Eagles of Death Metal strives for greatness

    1 of 1 2 of 1

      With celebrity political endorsements as commonplace these days as stacked Marshall amps at hard rock shows, it's refreshing to hear Eagles of Death Metal front man Jesse "Boots Electric" Hughes's take on mixing between-songs banter with presidential proclamations.

      "I think it's a dirty rotten trick to tell people to come dance and then tell them who to vote for," says the 210-pound, heavily tattooed musician, on the line from a San Fernando Valley recording studio. "And quite frankly, if it comes down to people endorsing candidates, actors and actresses and rockers—people who pretend to be other people for a living—probably aren't the best people to look to [for guidance]."

      Hughes prefers to rally around a different cause, something he's an irrefutable expert on: the swinging rock 'n' roll lifestyle. And if you're at all interested in checking out the gun-toting rocker's qualifications, look no further than the Eagles of Death Metal's latest record, Heart On.

      "This album really marks the first truly deliberate effort to really make a really great rock album," exclaims Hughes, between bouts of flirtatious chitchat.

      More irresistible than the sight of Tommy Gunn whipping out his shlong at an eXXXotica convention, the 36-year-old singer has never had a problem winning over fans. Whether the self-assured playboy is strutting across the stage shouting "I want to be your monkey" (from the underground hit "Bad Dream Mama") or repeatedly calling a professional journalist "baby" during the course of a phone interview, people—even said journalist—can't help but find Hughes completely mesmerizing. Sure enough, EODM's latest effort is rife with his inexplicable charm.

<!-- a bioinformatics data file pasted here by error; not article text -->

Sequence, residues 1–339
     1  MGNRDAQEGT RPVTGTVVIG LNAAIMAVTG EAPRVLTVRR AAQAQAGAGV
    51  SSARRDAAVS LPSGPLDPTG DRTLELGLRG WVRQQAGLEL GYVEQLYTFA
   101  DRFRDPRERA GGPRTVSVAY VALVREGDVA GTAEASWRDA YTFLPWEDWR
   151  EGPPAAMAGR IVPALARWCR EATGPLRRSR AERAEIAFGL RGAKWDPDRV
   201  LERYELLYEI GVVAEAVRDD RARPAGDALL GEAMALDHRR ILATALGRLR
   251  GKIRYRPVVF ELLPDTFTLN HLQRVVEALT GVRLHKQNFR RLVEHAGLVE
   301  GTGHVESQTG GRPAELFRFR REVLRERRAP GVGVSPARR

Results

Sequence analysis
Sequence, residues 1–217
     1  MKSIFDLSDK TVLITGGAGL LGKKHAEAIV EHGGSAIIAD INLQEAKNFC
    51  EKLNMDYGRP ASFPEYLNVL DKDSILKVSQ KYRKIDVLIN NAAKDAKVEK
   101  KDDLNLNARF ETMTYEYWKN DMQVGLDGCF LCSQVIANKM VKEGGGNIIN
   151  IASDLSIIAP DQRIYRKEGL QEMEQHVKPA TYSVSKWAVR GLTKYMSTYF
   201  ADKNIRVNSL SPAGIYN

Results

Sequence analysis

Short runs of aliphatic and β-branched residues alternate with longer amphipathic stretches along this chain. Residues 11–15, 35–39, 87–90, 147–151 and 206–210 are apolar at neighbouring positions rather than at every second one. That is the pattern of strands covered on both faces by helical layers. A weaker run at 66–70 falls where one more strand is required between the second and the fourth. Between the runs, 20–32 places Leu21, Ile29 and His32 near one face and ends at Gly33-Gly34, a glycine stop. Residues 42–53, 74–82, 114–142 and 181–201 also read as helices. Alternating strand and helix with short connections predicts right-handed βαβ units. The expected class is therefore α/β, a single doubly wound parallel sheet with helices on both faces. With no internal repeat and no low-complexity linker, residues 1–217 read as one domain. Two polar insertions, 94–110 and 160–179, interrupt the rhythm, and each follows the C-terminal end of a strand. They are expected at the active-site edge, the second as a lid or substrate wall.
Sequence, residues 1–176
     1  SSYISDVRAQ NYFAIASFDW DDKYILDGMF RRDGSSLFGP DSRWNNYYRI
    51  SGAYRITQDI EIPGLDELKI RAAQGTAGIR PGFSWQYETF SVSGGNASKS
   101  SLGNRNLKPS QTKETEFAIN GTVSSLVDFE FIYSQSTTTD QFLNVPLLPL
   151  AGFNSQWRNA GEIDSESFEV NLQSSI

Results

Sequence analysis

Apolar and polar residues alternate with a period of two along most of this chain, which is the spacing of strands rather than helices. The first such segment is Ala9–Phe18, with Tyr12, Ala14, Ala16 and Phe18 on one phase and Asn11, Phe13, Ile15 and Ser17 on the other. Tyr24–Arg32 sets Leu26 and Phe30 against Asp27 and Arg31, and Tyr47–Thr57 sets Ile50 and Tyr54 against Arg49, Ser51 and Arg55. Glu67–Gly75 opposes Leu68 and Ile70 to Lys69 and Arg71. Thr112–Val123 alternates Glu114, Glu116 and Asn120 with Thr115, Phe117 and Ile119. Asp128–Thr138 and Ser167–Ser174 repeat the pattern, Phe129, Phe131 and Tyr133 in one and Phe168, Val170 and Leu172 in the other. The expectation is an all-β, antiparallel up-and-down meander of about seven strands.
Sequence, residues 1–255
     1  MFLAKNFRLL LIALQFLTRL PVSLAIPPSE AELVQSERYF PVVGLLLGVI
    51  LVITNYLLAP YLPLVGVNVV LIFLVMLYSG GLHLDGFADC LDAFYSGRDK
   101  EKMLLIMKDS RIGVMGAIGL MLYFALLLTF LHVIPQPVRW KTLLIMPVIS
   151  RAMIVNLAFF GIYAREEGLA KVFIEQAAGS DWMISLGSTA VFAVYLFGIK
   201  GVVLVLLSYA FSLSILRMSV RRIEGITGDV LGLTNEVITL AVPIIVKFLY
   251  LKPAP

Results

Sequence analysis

A sordid affair of rock 'n' roll splendour—complete with enough '70s swagger to have you seeing shades of polyester green—Heart On fires up listeners with bona fide, grade-A boogie. From the ass-shaking "High Voltage"—inspired by Hughes's late-night adventures (not those kind of adventures) with L.A. tattoo artist Kat Von D—to the sleazy guitar assault that is "Cheap Thrills", Hughes and his moonlighting EODM bandmate Joshua "Baby Duck" Homme, prove they've got more to offer than showboating antics and a ridiculous name. Heavy on the duo's trademark suggestive lyrics and "ooohh ooohh" crooning—which are amped up by a full band when the act tours—the new material only adds to the gooey goodness that is the Eagles of Death Metal canon.

      Offering an overview of the band's discography—including the 2004 debut Peace, Love, Death Metal and 2006's Death by Sexy—Hughes says, "The first album was more like me butt-fucking Devo with my lack of talent, the second album was more like Joshua helping me butt-fuck Devo with a Bachman-Turner Overdrive machine, and this album is more like we have figured out a sophisticated way to butt-fuck the Rolling Stones with Devo."

      Despite the fact such a description could easily pass for the story line of a Vivid Entertainment porno, it does, uh, "raise" a good point: EODM is big on continuity. After 10 years together, the duo is always striving to keep things fresh and find new ways to rock the party. Hughes and Homme are devoted to delivering one thing above all else: a killer good time. And that's something everyone can get, um, behind.

      Eagles of Death Metal plays the Commodore Ballroom on Sunday (November 2).